The type of saturated fats we consume can put us at risk of a heart attack, according to a new study suggesting that eating plant-based proteins can decrease chances of the disease instead.
The study showed that people whose diets contain relatively little palmitic and stearic acid — saturated fats composed of 16 or more carbon atoms (longer-chain saturated fats) that are typically found in meats can affect our risk of a myocardial infarction or heart attack.
Moreover, individuals who eat more saturated fats with 14 or fewer carbon atoms (shorter-chain saturated fats) that are typically found in dairy products have lower risk of heart attacks.
“Our analysis of the diets of large groups of individuals in two countries over time shows that the type of saturated fats we consume could affect our cardiovascular heath,” explained lead author Ivonne Sluijs, postdoctoral student at the Utrecht University in the Netherlands.
For the study data from approximately 75,000 people were analysed by the team among which nearly 3,500 people experienced heart attack.
“We found that eating relatively little of the longer chained saturated fatty acids and consuming plant-based proteins instead was associated with a lowered risk. Substitution of those saturated fats with other energy sources such as carbohydrates did not affect the risk to develop myocardial infarction,” said Sluijs.
Although diets vary by nationality and other factors, the most frequently consumed saturated fat is palmitic acid, with 16 carbon atoms, followed by stearic acid, with 18 carbon atoms, both of which are found in meat products, as per the study published in the International Journal of Cardiology.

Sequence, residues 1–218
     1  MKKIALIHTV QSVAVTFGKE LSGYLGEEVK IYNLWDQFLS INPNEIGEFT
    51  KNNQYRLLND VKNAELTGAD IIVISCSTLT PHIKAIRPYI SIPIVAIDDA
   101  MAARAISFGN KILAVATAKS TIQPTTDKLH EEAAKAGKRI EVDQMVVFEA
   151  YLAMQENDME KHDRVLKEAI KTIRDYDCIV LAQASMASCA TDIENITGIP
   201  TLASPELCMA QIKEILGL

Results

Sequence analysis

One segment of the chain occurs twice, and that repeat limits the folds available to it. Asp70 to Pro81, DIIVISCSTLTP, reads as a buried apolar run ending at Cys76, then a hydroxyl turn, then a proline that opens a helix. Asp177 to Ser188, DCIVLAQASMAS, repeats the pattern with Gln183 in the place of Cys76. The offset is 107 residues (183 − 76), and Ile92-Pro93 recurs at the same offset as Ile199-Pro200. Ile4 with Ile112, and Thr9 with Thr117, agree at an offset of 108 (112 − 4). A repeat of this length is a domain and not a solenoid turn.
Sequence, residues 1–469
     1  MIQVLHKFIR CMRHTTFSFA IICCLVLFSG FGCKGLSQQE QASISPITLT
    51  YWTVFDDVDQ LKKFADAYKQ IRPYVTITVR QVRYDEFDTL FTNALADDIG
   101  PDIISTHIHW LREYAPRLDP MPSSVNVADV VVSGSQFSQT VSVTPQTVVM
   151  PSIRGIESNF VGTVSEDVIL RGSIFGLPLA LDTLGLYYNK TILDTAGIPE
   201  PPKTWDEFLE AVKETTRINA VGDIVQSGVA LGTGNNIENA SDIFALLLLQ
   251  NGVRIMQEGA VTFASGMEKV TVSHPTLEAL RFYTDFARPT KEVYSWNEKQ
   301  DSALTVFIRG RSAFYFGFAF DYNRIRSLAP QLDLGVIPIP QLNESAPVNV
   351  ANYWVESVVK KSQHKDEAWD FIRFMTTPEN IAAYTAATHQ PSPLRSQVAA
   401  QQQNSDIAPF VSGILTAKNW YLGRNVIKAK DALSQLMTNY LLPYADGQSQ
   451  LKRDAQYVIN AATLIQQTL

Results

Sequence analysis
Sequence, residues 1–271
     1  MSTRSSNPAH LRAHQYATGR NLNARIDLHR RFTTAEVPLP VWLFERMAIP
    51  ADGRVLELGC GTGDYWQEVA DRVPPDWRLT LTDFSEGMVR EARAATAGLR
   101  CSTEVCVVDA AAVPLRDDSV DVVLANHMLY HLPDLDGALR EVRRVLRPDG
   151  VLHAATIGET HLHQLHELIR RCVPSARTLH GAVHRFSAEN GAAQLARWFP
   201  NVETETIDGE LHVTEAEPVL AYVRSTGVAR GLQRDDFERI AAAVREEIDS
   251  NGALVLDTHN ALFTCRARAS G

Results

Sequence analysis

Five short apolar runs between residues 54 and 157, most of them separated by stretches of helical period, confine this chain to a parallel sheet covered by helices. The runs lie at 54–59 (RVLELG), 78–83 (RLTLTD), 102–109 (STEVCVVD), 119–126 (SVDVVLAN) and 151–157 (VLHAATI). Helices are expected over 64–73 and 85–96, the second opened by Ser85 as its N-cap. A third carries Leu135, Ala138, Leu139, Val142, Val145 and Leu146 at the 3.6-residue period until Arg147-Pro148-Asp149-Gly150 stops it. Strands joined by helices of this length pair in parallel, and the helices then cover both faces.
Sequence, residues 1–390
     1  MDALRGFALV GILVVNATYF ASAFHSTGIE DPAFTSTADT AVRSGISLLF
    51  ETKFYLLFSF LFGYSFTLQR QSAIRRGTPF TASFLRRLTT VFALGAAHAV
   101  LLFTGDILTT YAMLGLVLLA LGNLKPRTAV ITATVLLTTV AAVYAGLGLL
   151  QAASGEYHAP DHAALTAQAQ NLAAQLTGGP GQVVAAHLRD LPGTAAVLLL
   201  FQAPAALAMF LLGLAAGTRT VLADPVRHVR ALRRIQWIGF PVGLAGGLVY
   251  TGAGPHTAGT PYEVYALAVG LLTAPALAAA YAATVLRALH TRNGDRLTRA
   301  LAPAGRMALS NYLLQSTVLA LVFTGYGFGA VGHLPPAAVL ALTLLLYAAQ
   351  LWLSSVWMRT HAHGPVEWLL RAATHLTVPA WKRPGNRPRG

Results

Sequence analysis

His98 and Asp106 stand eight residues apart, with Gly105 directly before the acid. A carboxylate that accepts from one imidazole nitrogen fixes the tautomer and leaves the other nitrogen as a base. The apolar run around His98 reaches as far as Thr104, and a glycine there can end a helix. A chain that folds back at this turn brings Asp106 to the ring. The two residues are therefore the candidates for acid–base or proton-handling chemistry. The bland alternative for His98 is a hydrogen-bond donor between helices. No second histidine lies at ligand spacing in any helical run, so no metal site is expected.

Shifts in fat intake should align with the recommended healthy dietary patterns, which emphasise limited intakes of red and processed meat and added sugars, lower salt intake, replacement of refined grains with whole grains, and higher consumption of fruits and vegetables, the team suggested.
China coronavirus toll reaches 908, 40,171 infected
Beijing: The death toll due to the novel coronavirus in China on Monday increased to 908, with 40,171 confirmed cases, the country’s National Health Commission said.
Until midnight, 6,484 severe cases had been recorded while 3,281 people, who had recovered from the illness, had been discharged, Efe news reported citing the Commission as saying.
As of now, 399,487 patients in close contact with the infected have been traced, out of which 187,518 are under observation, according to the Chinese agency.
Among those under observation, 23,589 were suspected of having contracted the virus.
The latest figures indicate an increase of 97 deaths over the previous day – when 632 people were also discharged – and 3,062 new infections.
Of the 97 deaths, 91 were recorded in Hubei province, whose capital is Wuhan – the epicentre of the outbreak -, and which has been under de facto quarantine since January 23.
It total, 2,618 of the 3,062 new coronavirus cases have been detected in Hubei.
Until now, all deaths but one – which occurred in the Philippines – have been in China, which accounts for about 99 per cent of those infected, although about 20 countries have confirmed cases.
The virus has already claimed more lives than the Severe Acute Respiratory Syndrome (SARS) in 2003.
Despite both the novel coronavirus and SARS originating in China, the geographical distribution of deaths is radically different.
SARS emerged in the southern Guangzhou province, while the coronavirus appears to have originated from a seafood market in the central-eastern city of Wuhan.
With SARS, 349 people died in mainland China, 299 in Hong Kong, 43 in Canada, 37 in Taiwan and 33 in Singapore, to mention only the most affected places, according to the figures from WHO.
Coronavirus has spread to at least 27 other countries and territories.